Ancient genomes show social and reproductive behavior of early Upper Paleolithic foragers

Martin Sikora, Andaine Seguin-Orlando, Vitor C. Sousa, Anders Albrechtsen, Thorfinn Korneliussen, Amy Ko, Simon Rasmussen, Isabelle Dupanloup, Philip R. Nigst, Marjolein D. Bosch, Gabriel Renaud, Morten E. Allentoft, Ashot Margaryan, Sergey V. Vasilyev, Elizaveta V. Veselovskaya, Svetlana B. Borutskaya, Thibaut Deviese, Dan Comeskey, Tom Higham, Andrea ManicaRobert Foley, David J. Meltzer, Rasmus Nielsen, Laurent Excoffier, Marta Mirazon Lahr, Ludovic Orlando, Eske Willerslev

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    Abstract

    Present-day hunter-gatherers (HGs) live in multilevel social groups essential to sustain a population structure characterized by limited levels of within-band relatedness and inbreeding. When these wider social networks evolved among HGs is unknown. Here, we investigate whether the contemporary HG strategy was already present in the Upper Paleolithic (UP), using complete genome sequences from Sunghir, a site dated to ~34 thousand years BP (kya) containing multiple anatomically modern human (AMH) individuals. We demonstrate that individuals at Sunghir derive from a population of small effective size, with limited kinship and levels of inbreeding similar to HG populations. Our findings suggest that UP social organization was similar to that of living HGs, with limited relatedness within residential groups embedded in a larger mating network.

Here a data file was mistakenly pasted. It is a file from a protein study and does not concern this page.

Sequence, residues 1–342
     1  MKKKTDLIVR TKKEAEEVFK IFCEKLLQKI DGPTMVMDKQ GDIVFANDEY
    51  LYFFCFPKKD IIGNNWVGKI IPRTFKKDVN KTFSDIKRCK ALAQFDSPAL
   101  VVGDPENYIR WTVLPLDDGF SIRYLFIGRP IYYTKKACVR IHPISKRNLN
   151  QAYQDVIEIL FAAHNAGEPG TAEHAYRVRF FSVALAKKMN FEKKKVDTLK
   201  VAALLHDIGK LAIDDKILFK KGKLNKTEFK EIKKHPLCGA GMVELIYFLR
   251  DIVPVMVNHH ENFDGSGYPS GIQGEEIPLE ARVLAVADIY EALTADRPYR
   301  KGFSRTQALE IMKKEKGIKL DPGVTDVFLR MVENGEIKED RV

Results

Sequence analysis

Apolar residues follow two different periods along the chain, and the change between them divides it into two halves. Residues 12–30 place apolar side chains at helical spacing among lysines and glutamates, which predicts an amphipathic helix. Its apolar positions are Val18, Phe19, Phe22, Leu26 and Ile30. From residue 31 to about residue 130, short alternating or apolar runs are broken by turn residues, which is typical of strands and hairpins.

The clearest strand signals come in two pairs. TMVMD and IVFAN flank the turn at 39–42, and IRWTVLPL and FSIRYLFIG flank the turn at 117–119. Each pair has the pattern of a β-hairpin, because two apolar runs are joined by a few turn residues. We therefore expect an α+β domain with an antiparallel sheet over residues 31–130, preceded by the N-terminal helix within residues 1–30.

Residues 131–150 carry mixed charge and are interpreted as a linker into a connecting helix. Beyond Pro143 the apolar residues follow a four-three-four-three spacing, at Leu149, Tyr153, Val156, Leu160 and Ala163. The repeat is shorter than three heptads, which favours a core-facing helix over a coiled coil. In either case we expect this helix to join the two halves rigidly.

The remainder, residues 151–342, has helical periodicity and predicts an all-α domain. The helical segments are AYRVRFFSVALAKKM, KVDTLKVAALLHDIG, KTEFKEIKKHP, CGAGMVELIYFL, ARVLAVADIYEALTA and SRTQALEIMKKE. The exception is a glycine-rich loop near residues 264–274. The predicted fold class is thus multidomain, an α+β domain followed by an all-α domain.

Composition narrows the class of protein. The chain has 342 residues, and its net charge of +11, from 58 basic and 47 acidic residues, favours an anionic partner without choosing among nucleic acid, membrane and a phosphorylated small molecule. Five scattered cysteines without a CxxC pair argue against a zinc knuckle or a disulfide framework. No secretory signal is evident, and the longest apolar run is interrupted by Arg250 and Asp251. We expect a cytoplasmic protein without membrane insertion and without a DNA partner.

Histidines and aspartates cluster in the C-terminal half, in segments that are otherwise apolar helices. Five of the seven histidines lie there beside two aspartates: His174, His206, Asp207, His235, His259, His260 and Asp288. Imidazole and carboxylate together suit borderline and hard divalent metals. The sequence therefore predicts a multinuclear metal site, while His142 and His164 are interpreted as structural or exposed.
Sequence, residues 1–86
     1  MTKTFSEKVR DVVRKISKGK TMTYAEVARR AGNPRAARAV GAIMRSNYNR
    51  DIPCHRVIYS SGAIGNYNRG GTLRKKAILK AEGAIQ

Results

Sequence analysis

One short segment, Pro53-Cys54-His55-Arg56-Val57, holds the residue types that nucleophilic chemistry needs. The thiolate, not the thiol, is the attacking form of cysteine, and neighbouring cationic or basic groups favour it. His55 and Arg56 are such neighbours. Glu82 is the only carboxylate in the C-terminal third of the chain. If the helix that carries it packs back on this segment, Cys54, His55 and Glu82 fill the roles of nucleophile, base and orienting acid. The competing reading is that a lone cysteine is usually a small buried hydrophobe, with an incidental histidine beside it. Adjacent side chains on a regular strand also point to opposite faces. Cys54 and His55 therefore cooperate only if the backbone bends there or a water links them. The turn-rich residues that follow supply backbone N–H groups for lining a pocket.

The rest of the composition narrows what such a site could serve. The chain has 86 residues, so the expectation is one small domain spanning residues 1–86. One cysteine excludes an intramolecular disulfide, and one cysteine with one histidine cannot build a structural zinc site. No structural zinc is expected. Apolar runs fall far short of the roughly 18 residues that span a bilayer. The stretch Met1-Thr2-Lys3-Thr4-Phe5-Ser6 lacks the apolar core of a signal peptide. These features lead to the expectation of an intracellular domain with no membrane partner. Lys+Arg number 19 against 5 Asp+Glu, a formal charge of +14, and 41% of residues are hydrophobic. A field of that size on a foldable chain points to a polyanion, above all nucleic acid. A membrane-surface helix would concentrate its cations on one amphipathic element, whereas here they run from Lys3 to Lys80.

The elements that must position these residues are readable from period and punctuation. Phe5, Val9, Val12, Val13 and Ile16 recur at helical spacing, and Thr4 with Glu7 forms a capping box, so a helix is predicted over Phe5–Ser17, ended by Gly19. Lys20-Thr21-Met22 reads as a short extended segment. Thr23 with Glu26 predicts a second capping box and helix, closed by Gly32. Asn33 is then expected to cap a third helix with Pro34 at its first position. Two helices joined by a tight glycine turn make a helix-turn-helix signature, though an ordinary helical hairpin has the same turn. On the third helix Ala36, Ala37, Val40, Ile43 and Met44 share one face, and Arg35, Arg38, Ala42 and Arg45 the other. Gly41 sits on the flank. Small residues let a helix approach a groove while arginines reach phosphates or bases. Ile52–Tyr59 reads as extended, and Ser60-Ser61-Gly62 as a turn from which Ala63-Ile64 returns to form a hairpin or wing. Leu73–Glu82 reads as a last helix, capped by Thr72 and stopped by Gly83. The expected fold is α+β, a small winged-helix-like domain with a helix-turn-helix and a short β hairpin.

Original languageEnglish
    Article numbereaao1807
    JournalScience
    Volume358
    Issue number6363
    Pages (from-to)659-662
    ISSN0036-8075
    DOIs
    Publication statusPublished - 2017

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